Newspaper article The Canadian Press

Oland Bail Appeal Could Set Legal Precedent on Release of Convicted Murderers

Newspaper article The Canadian Press

Oland Bail Appeal Could Set Legal Precedent on Release of Convicted Murderers

Article excerpt

Oland bail appeal could set legal precedent

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FREDERICTON - Convicted murderer Dennis Oland's bid for bail at the Supreme Court of Canada could set an important legal precedent nationally, and several provinces are arguing such releases may not be in the public interest.

Ontario, Alberta, and British Columbia have filed motions for leave to intervene in Oland's appeal to the top court.

Ontario's Attorney General says Canadians expect sentences for murder and other serious crimes to be enforced, and bail should only be considered when there are "very strong" grounds of appeal.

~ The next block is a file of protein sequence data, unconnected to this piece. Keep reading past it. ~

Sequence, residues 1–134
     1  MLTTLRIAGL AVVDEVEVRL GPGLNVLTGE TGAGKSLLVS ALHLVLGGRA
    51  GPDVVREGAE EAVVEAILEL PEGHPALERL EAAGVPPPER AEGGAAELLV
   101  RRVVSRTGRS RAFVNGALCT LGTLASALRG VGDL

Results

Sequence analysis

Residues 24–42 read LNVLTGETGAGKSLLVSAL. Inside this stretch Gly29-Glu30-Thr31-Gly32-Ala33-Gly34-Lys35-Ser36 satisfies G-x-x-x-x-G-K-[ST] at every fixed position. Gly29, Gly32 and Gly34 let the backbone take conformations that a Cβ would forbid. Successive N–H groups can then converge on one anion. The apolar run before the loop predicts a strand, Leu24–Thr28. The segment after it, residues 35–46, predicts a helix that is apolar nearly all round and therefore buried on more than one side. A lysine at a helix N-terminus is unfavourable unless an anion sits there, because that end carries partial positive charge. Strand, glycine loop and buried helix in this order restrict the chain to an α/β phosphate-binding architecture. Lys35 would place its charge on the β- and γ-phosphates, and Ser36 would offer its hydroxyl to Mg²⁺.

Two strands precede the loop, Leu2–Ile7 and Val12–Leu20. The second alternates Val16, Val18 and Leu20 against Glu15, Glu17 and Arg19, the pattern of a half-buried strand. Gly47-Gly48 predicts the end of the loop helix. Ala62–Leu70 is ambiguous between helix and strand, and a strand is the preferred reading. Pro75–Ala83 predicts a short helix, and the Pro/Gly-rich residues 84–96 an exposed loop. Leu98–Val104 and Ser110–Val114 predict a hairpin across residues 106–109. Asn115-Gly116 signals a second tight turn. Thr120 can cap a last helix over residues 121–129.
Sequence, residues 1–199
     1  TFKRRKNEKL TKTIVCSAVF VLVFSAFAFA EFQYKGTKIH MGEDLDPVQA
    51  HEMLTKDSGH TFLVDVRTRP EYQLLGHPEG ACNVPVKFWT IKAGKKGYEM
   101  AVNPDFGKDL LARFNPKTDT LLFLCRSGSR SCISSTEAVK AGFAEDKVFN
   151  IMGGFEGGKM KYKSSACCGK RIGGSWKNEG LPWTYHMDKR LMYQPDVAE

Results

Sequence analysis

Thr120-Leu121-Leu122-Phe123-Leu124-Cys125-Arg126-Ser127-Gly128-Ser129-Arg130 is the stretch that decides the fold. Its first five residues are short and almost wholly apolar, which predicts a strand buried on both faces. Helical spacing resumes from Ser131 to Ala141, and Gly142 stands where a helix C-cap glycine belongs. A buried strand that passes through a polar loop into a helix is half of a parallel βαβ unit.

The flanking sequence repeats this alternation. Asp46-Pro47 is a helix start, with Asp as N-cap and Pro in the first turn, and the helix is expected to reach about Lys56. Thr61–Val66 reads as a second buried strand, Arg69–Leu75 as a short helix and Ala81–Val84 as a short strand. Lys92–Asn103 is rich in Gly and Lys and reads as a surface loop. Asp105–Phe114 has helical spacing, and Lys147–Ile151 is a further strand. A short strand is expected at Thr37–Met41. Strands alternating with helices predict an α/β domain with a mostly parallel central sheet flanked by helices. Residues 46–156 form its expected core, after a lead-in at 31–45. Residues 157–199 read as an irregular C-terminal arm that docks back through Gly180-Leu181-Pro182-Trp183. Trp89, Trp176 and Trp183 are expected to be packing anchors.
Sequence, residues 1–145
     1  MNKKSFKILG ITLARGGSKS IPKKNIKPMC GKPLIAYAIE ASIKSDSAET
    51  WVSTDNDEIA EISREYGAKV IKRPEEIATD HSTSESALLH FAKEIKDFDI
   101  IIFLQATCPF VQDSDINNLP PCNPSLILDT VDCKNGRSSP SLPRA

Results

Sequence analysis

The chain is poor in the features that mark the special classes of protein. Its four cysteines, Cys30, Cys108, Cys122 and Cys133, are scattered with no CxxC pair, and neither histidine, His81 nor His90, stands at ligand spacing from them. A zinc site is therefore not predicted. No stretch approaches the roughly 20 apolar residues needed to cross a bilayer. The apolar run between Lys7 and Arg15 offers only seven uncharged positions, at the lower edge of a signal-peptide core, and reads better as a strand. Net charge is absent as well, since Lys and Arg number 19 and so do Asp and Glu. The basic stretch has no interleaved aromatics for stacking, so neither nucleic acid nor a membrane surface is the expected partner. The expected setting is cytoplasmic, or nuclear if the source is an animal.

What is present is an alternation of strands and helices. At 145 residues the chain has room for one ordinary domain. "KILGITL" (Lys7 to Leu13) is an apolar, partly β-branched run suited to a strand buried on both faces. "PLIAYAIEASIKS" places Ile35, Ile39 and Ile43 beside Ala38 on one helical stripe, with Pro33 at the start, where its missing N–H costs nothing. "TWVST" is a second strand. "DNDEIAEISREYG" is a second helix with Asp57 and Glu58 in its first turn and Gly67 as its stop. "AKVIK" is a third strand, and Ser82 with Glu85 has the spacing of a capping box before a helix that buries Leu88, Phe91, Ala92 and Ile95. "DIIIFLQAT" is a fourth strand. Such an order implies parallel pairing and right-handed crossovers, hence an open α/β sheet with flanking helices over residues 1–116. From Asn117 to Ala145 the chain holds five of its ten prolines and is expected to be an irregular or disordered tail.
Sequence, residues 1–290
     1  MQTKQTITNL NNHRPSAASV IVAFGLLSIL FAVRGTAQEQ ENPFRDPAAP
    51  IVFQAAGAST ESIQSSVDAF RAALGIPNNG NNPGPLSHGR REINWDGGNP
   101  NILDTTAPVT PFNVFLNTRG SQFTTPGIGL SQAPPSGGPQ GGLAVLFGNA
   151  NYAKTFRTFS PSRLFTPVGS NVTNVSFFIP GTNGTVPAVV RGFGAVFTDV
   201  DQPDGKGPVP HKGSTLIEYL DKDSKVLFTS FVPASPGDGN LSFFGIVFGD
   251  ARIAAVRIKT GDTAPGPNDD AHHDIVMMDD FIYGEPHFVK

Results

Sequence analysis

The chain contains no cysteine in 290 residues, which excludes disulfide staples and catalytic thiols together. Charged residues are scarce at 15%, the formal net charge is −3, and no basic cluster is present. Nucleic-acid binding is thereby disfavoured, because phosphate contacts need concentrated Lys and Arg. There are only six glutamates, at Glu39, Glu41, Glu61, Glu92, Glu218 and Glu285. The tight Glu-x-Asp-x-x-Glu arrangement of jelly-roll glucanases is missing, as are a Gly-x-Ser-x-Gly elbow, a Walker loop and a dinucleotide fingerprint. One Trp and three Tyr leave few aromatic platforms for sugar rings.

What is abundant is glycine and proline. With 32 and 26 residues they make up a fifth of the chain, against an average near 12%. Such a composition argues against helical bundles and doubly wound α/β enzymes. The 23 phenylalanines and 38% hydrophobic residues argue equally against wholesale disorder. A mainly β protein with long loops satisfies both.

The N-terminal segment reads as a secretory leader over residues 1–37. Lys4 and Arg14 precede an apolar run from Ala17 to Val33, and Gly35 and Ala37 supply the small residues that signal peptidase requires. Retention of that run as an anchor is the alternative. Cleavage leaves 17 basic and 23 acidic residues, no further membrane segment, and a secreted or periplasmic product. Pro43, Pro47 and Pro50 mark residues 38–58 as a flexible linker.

"It will be Ontario's position that reasonable members of the public expect that sentences imposed for all crimes, but particularly for more serious offences, will be enforced when handed down," wrote Gregory Tweney, acting director of the Attorney General's criminal law office.

Oland, 48, was sentenced in February to life in prison with no chance of parole for 10 years, after being found guilty of second-degree murder in death of his multimillionaire father, who was found bludgeoned in his Saint John, N.B., office five years ago.

Richard Oland, 69, was discovered face down in a pool of blood on July 7, 2011. He had suffered 45 sharp and blunt force injuries to his head, neck and hands. No murder weapon was ever found.

Dennis Oland is seeking release pending the appeal of his murder conviction, but the request has already been denied by two lower courts.

Nicole O'Byrne, an associate law professor at the University of New Brunswick, said Tuesday the law surrounding bail pending appeal in murder cases "has not been clearly defined" by the top court.

"It is likely that the Supreme Court of Canada granted leave in this case because it is an opportunity for the court to provide guidance for the country as a whole on the law of bail pending appeal," she said, adding current jurisprudence comes from a series of lower court rulings. …

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